ancient egypt: history and culture
Ancient Egyptian bestiary: Hippos
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Hippo

Tawret     The goddess Tauret was represented as a hippo with human breasts standing on its back legs. She was both a protective deity and a symbol for female fertility. At the same time Seth, as the evil one, was sometimes depicted as a hippo too.

    An impressive and dangerous animal, the hippo (Hippopotamus amphibius) was indigenous to Egypt. According to Manetho, Menes

was carried off by a hippopotamus and perished
Tomb of Meruka, Hippo hunt     Because of its tendency to graze on the newly grown wheat, overturning boats, hurting and even killing people, the hippo was often hunted and is extinct in the lower part of the Nile today.

Hippo hunt
Tomb of Meruka
Courtesy Jon Bodsworth

    In Lower Egypt there was a Hippo Feast since the Old Kingdom, during which the king as Horus killed a white hippo, identified with Seth. This tradition is reflected in New Kingdom wall paintings depicting hippo hunts. In the temple at Edfu Horus pierces the wretched one in the shape of a hippo with a spear.

    Herodotus, not much of a naturalist, described it as follows:

The river-horse is sacred in the district of Papremis, but for the other Egyptians he is not sacred; and this is the appearance which he presents: he is four-footed, cloven-hoofed like an ox, flat-nosed, with a mane like a horse and showing teeth like tusks, with a tail and voice like a horse and in size as large as the largest ox; and his hide is so exceedingly thick that when it has been dried shafts of javelins are made of it.
Herodotus, Histories II
Project Gutenberg
    Diodorus Siculus had this to say about the hippos:
The four-legged animal which is called Hippo is at least 5 cubits long, and it has cleft hooves like cattle and 3 tusks on either side, larger than those of wild pigs. But it has the ears, the tail and the voice of a horse. Its bodily structure is not dissimilar to that of the elephant. Among all the animals it has the strongest skin, as it lives both in the river and on land. During the day it stays in the water and moves where it is deepest, at night it grazes in the cornfields and meadows. If this animal brought forth many young every year agriculture in Egypt would be utterly destroyed.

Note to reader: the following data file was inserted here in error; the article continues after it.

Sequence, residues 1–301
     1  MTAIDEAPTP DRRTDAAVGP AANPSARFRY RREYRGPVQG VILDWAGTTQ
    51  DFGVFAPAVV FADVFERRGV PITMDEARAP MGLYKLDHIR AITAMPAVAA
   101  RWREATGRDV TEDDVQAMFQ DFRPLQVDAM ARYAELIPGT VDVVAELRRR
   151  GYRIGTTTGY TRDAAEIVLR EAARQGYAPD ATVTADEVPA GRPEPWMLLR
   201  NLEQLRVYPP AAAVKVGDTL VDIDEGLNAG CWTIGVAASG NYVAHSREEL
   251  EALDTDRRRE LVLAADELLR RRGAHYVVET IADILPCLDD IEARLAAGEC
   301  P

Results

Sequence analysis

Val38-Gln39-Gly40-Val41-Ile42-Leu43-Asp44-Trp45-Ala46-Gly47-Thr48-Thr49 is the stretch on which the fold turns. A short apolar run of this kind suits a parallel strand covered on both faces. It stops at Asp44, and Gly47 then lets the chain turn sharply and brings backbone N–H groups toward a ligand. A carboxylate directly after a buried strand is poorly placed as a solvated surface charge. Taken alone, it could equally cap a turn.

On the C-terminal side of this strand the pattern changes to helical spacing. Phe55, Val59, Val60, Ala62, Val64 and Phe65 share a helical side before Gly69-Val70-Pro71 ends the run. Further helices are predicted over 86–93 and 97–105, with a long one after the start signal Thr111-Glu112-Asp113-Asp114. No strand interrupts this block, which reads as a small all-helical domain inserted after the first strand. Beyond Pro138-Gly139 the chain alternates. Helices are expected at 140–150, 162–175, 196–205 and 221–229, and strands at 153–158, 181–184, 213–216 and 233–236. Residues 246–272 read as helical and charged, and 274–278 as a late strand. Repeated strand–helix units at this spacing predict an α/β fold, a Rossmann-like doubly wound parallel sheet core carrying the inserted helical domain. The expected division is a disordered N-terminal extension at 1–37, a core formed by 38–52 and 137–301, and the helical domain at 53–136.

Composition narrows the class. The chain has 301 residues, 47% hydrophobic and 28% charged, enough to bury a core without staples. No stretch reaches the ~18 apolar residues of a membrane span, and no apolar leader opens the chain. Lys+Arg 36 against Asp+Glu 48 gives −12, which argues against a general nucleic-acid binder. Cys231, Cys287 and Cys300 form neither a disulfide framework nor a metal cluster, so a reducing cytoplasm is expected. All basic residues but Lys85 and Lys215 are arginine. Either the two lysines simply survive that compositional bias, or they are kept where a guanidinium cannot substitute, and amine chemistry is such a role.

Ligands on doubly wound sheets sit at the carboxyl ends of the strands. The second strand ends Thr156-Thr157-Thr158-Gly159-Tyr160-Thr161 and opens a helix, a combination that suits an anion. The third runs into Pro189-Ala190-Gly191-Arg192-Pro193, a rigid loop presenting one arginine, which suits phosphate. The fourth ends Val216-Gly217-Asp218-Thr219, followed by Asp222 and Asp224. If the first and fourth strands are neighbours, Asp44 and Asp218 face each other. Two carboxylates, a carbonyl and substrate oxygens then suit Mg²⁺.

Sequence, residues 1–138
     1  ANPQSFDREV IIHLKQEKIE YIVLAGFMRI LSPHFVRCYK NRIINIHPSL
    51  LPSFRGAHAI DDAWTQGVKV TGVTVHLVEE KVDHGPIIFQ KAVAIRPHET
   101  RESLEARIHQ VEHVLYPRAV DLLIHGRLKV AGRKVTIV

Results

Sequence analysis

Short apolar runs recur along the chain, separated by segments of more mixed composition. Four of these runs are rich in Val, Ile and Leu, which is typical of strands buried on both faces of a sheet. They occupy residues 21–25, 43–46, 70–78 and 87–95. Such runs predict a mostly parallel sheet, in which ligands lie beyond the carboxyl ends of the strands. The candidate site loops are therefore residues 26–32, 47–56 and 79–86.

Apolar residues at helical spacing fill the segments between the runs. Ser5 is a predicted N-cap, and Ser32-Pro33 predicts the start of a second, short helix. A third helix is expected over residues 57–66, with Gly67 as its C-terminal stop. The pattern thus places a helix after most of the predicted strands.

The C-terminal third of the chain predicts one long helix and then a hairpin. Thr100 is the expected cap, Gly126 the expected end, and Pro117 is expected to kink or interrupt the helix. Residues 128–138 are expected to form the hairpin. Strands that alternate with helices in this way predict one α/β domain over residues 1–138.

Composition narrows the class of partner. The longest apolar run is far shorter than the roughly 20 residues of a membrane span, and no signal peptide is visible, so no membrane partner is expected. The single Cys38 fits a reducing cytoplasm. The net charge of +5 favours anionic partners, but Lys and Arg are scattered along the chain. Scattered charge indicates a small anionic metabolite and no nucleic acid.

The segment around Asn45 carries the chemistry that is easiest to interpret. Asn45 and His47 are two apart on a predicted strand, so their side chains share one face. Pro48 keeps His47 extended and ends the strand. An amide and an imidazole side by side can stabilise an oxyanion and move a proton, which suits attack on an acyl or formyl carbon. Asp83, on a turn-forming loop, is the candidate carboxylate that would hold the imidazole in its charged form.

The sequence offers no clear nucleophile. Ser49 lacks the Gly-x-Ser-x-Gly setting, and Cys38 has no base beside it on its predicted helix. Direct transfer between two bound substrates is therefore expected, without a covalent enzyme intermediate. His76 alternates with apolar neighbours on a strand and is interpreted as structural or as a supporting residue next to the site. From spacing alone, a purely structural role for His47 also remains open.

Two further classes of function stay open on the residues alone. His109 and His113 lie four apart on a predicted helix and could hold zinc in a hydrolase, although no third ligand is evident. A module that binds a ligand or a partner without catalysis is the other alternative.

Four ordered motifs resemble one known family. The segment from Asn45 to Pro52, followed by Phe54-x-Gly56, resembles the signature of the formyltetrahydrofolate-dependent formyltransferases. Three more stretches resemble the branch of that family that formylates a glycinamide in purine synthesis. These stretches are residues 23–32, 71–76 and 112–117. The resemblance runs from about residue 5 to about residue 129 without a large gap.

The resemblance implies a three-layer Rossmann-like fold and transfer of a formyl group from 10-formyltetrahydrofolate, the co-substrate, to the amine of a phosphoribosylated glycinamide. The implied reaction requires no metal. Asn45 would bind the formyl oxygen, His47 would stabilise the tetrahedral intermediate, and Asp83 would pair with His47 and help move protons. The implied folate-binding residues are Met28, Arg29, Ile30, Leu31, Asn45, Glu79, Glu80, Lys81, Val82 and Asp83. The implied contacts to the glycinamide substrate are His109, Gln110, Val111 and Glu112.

The hippopotamus is only caught through the concerted exertions of many people who try to hit it with iron harpoons. Wherever it shows itself they row their vehicles towards it, surround it and wound it with a kind of piercing projectile with iron barbs. They tie the end of a rope to one of the hooks which has taken hold and keep it taught until the animal has lost much blood and is completely weakened.
Its meat is tough and difficult to digest. Of the viscera nothing can be eaten, neither entrails nor intestines.
Diodorus Siculus, Historical Library, Vol.1 chapter 35
Faience hippo Faience hippo
 
    A faience hippo similar to the one shown on the left was found in the tomb of the steward Senbi II at Meir with its legs broken off in order to prevent it from hurting the deceased. During the Middle Kingdom hippo figurines were often placed close to the dead, in the hope of facilitating his rebirth. Hippos, like crocodiles, frogs and other amphibian animals, were symbols of regeneration because they disappeared under the water only to resurge after a while.
 

 
- -    Eastern Desert Rock Art: harpooned hippo (Brian Yare's site)
© 2002
Changed: March 2006

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